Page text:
Blogging, Underneath the Hood

Album Cover: Graduation

"Y'all pop the trunk, I pop the hood (Ferrari)."
Kanye West / Good Life

Posted on June 03, 2003 11:44 AM in Web Development
Warning: This blog entry was written two or more years ago. Therefore, it may contain broken links, out-dated or misleading content, or information that is just plain wrong. Please read on with caution.

Over at finalstar.com (which won't exist much longer, hence no link) I spent a lot of time coding what I thought was the equivalent of today's modern blog. I realize that the main downfalls of this blog are that I do not allow comments or trackbacks and that my individual posts are never provided as static, standalone pages. Take a good look at Mark Pilgrim's blog and you'll see what I mean. So, with finalstar I thought long and hard about the best way to implement these (with the exception of trackbacks, which seem to involve a type of server logging that I know my current host wouldn't even let me get at).

At first I took an approach similar to the one used here, relying heavily on database IDs and dynamic pages, because I couldn't figure out how I was going to allow comments to continually be written to my posts once they had become static HTML pages. However, I realized that without static pages, I wouldn't be very Google-friendly, and any semi-major change to my database scheme would totally throw off any external links that might pop up out on the web. So, I went back to the drawing board and implemented a scheme that took advantage of file writing in PHP. With this technique, I could store my posts in the database, but also create static pages that would simply be re-written whenever a comment was added by a visitor. However, if my site were ever to become even a fourth as popular as Mark's site, asynchronous file writing would become a major issue and probably bring the whole site to a screeching halt.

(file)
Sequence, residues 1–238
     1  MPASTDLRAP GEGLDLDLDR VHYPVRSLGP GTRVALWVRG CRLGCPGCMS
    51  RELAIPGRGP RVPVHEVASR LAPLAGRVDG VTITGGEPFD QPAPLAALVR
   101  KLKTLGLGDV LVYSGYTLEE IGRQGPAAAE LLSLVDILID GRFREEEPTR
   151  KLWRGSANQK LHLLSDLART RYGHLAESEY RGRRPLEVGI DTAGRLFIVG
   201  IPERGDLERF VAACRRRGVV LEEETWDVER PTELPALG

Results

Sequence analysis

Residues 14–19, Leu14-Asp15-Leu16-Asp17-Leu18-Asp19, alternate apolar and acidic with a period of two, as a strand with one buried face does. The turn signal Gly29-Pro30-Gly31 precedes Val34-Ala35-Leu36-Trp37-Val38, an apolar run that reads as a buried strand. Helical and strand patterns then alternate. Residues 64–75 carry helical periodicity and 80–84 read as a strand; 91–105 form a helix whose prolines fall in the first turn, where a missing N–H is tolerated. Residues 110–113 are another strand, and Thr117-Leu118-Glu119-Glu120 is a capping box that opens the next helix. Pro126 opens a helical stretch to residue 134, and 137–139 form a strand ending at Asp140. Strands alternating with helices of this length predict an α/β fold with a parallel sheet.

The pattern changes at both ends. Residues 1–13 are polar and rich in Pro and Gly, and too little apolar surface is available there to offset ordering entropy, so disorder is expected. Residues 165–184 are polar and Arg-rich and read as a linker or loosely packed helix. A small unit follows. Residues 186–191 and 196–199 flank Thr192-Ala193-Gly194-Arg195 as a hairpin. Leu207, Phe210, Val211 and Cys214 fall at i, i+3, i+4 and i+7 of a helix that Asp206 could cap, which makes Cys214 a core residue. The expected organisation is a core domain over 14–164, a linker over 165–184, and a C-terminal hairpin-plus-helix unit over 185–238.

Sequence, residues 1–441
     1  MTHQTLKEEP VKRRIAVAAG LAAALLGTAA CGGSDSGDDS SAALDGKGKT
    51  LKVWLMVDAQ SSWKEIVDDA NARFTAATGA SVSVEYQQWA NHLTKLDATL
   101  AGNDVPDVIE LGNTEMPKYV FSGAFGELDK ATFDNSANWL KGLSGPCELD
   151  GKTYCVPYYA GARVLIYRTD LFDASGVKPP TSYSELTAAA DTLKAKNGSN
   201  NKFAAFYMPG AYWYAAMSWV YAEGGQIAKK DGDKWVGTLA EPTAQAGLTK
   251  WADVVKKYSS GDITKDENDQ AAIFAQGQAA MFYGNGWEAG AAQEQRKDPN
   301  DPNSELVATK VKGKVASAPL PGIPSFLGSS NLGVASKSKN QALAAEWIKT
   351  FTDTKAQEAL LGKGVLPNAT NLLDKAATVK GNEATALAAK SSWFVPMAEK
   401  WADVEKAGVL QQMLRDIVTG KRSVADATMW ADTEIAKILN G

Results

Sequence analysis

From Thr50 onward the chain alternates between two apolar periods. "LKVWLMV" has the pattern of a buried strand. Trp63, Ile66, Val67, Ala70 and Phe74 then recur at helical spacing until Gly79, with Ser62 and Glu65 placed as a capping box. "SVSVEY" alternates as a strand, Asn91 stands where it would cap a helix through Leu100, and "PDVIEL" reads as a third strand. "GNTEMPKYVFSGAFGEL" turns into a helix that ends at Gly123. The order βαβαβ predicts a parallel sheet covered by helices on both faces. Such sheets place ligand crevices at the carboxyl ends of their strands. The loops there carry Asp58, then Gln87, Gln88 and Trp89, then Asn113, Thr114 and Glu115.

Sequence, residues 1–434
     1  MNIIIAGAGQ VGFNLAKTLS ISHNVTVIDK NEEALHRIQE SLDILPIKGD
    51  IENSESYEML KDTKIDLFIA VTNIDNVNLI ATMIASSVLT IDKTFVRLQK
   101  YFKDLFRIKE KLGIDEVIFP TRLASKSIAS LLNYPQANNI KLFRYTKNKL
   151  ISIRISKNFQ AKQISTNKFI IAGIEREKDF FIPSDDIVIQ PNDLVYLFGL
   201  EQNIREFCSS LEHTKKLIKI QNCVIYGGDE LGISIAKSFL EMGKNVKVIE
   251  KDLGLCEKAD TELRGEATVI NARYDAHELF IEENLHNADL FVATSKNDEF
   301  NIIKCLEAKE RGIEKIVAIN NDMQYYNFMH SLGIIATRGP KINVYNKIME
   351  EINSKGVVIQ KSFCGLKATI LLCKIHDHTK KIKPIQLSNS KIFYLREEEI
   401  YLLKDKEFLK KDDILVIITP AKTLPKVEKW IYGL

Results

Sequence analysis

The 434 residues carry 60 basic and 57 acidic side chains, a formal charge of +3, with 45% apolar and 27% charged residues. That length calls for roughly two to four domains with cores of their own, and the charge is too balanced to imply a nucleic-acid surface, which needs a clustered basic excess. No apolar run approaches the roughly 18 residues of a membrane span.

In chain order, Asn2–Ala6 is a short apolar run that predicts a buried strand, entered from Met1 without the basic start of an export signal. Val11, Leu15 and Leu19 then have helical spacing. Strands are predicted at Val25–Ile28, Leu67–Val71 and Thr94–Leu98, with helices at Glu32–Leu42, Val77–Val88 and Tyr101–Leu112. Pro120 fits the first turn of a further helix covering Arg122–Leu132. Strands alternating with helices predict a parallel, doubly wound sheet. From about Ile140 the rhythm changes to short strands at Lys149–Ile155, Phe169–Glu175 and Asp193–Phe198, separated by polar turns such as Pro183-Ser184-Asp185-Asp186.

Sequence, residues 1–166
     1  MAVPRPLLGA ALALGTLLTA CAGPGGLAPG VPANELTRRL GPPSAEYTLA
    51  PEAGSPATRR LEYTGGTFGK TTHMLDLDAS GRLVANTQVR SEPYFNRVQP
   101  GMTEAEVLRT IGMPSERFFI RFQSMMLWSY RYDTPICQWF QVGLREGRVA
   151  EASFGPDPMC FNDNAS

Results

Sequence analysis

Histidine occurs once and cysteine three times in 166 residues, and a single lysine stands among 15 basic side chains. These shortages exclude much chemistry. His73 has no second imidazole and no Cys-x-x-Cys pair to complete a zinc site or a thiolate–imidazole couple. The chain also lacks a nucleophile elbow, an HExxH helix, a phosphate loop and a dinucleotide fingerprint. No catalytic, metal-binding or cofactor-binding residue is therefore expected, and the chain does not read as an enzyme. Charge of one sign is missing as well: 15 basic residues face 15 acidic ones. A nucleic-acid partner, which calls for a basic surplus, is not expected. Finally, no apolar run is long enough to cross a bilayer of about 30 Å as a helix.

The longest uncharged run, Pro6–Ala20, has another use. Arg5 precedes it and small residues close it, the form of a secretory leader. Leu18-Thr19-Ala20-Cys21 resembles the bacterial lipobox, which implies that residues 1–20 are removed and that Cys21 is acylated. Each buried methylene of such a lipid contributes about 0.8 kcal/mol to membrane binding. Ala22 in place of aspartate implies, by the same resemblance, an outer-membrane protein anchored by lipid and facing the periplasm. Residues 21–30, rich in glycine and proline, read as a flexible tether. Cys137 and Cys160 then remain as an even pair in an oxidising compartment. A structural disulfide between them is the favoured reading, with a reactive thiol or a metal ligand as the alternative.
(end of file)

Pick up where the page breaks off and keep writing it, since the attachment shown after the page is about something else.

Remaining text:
I did have a working implementation, though, and chances are finalstar would have never gotten popular anyway, given that the stuff I write is often very bizarre if not complelely nonsensical, or as my girlfriend would say, "boring." So, if you're looking to create your own personal blog using nothing more than PHP and a database, fret not. It is possible. In fact, I can even give you a few pointers if you want. Just drop me a line.

Today I decided to look around and see how the bigwigs actually implement their blogs. Turns out Mark Pilgrim uses Movable Type to run his whole site, and even lets you take a look at the templates he uses. A lot of other people are using it too, so I suppose if you meet the requirements, it might be worth looking into. As for me, I will probably continue to take the Zeldman approach of doing things by myself.

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